In the middle of the dialogue between Job and his three friends the failed comforters, Job says to them, “O that ye would altogether hold your peace! and it should be your wisdom” (13:5). As Dr. Don Collett, professor of Old Testament at Trinity School for Ministry, has reflected, it would have been better for the friends to remain silent, than to impugn the character of Job and in so doing incite the Lord’s wrath for not having “spoken of me the thing that is right” (42:7). Silence has a pastoral value, clearly illustrated in the opening chapters of Job: the three friends sit with the suffering for seven days, rending their clothes, and sprinkling dust upon their heads in wordless sympathy (2:13-14). Any who have ever tried to comfort someone who is afflicted can testify to the ministry of presence. Few if any words need to be spoken.

Having taught Job in a Bible study and recently taken a class on Job with Dr. Collett, I have spent a good deal of time thinking about what the book of Job has to say to me as a pastor when I visit and counsel the sick and the afflicted. What follows are my reflections on how the book has spoken to me in my vocation as a pastor. It is my hope that they will be useful to other pastors or anyone else who endeavors to be a true friend and comforter.

After magnifying the value of silence, I should add that silence is not always desirable as a pastor. The afflicted are often looking for encouragement and hope. The trouble is that pastors can often dispense false hope and empty platitudes. Visiting someone sick in hospital, it is all too easy to say, It will be okay. You’ll get better. The sick may or may not get better. The nature of Christian hope is for God himself, not infinite extensions of mortal life by medicine.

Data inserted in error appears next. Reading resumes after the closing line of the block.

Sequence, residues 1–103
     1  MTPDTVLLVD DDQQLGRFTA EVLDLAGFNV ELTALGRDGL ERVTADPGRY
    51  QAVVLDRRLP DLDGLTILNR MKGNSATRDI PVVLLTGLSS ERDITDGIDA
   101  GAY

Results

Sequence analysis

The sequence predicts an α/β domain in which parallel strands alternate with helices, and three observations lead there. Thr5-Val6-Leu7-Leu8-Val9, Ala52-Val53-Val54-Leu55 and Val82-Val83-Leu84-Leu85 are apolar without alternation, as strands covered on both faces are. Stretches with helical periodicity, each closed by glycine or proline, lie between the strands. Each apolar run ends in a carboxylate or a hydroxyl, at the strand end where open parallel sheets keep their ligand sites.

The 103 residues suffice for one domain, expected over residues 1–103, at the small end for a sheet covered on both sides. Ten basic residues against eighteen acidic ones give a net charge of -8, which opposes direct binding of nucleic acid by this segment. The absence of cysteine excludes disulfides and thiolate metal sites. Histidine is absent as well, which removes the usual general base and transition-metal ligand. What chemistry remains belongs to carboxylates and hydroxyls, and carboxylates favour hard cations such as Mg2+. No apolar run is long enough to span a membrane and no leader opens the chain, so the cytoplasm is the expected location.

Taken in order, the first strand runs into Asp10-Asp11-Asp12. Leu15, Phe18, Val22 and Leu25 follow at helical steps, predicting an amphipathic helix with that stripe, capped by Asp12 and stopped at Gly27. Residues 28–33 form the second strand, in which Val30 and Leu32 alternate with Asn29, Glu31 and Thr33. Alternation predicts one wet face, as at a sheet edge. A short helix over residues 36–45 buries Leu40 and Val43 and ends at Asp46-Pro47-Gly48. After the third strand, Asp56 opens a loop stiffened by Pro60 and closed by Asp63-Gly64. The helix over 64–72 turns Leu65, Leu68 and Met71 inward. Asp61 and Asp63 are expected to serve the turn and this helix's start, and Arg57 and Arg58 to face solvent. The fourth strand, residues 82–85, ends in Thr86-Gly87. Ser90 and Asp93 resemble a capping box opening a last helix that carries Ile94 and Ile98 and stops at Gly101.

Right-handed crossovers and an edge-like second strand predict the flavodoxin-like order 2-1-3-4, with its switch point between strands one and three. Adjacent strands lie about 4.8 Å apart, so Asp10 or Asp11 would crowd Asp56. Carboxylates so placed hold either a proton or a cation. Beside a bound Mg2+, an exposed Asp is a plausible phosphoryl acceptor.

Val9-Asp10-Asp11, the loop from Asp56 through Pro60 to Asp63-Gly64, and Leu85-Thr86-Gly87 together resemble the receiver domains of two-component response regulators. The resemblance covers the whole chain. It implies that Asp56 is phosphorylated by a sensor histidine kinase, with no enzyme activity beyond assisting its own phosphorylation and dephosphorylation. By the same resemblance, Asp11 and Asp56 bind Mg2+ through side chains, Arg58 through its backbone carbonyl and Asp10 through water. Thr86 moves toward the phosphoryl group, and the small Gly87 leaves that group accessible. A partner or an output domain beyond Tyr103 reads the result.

Job’s friends wanted to tell Job that if he accepted his adversity as punishment for sin, then he would be delivered and restored. One of the three friends, Zophar, tells Job that if he puts away his iniquity, then “thine age shall be clearer than the noonday; thou shalt shine forth, thou shalt be as the morning” (11:17). Job’s friends offer a religious formula for how he can escape his suffering. I wonder how many times I or my colleagues extol the utilitarian virtues of Christianity, and instead of offering a faith in the living God peddle an empty religious formula? You will not escape adversity and suffering just because you are a Christian or your faith has awakened and deepened. As Job discovers, his suffering is to a certain extent inexplicable, and simplistic explanations for that suffering under the pretense of religious language will not resolve his adversity.